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Peregrine Falcon for sale

Original price was: $1,500.00.Current price is: $630.00.

A large, crow-sized falcon, it has a blue-grey back, barred white underparts, and a blackhead.

Peregrine Falcon for sale.The peregrine falcon, also known as the peregrine, and historically as the duck hawk in North America, is a widespread bird of prey in the family Falconidae. A large, crow-sized falcon, it has a blue-grey back, barred white underparts, and a blackhead.

  • People have trained falcons for hunting for over a thousand years, and the Peregrine Falcon was always one of the most prized birds. Efforts to breed the Peregrine in captivity and reestablish populations depleted during the DDT years were greatly assisted by the existence of methods of handling captive falcons developed by falconers.
  • The Peregrine Falcon is a very fast flier, averaging 40-55 km/h (25-34 mph) in traveling flight, and reaching speeds up to 112 km/h (69 mph) in direct pursuit of prey. During its spectacular hunting stoop from heights of over 1 km (0.62 mi), the peregrine may reach speeds of 320 km/h (200 mph) as it drops toward its prey.
  • The Peregrine Falcon is one of the most widespread birds in the world. It is found on all continents except Antarctica, and on many oceanic islands.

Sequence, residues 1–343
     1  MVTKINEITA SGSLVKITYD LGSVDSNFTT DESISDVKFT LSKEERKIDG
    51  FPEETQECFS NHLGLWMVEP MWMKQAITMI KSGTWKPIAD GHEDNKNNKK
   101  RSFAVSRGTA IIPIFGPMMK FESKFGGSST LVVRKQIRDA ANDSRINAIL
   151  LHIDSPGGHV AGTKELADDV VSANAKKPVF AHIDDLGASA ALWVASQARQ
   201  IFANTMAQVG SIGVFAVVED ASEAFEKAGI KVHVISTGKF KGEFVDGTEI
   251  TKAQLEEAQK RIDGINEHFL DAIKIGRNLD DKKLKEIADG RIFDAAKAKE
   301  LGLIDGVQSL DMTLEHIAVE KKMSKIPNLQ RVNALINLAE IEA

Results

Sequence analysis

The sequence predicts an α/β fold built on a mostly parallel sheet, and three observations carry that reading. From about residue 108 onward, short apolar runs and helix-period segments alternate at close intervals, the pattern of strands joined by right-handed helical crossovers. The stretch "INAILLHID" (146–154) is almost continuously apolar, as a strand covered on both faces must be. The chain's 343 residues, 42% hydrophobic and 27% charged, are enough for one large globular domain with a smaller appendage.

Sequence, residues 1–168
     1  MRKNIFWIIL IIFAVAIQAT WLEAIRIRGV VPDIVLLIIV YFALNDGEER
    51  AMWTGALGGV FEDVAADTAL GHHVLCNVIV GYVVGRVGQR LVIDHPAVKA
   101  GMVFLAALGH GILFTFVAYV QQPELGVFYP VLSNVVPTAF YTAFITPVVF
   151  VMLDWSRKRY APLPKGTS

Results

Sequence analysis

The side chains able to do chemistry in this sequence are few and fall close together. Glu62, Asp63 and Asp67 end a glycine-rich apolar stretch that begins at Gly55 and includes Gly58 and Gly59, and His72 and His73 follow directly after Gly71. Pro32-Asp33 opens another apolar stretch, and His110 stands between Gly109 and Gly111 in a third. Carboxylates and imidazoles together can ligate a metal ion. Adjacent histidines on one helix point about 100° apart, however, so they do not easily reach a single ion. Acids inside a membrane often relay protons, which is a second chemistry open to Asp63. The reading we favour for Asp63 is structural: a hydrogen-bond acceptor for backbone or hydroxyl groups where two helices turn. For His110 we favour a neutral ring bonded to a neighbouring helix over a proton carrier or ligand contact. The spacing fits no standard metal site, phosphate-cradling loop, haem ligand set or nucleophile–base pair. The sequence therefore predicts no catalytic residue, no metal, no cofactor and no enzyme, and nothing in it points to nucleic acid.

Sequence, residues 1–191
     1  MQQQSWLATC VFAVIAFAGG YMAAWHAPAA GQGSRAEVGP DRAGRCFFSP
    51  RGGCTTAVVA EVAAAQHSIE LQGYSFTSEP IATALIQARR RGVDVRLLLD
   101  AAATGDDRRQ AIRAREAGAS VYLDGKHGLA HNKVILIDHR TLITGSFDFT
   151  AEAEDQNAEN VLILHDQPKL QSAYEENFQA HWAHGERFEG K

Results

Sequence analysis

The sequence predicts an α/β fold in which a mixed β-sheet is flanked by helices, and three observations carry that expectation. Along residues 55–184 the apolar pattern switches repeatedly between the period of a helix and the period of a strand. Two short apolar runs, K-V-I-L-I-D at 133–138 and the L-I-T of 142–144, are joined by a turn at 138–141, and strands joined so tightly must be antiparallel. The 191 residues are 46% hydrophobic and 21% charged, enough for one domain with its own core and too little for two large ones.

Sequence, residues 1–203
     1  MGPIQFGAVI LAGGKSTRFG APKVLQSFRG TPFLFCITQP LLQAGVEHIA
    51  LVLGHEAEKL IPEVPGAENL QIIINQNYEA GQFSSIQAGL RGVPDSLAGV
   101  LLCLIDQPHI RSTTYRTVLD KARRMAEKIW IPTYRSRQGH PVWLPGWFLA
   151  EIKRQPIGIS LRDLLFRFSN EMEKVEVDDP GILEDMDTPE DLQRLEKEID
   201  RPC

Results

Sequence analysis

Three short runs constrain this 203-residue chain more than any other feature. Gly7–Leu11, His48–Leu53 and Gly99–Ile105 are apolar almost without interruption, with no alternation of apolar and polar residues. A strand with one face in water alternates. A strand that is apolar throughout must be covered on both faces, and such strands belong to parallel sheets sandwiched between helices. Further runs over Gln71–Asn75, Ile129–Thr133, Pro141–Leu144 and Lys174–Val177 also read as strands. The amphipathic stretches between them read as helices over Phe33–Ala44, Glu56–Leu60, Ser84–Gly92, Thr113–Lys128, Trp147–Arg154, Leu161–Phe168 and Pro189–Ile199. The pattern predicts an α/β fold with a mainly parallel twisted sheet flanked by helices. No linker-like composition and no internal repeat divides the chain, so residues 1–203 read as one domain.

• The oldest recorded Peregrine Falcon was at least 19 years, 9 months old, when it was identified by its band in Minnesota in 2012, the same state where it had been banded in 1992.

Size & Shape

Peregrine Falcon for sale. Peregrine Falcons are the largest falcon over most of the continent, with long, pointed wings and a long tail. Be sure to look at shape as well as size—long primary feathers give the Peregrine a long-winged shape. As with most raptors, males are smaller than females, so Peregrines can overlap with large female Merlins or small male Gyrfalcons.Behavior

Peregrine Falcons catch medium-sized birds in the air with swift, spectacular dives, called stoops. In cities they are masterful at catching pigeons. Elsewhere they feed especially on shorebirds and ducks. They often sit on high perches, waiting for the right opportunity to make their aerial assault.
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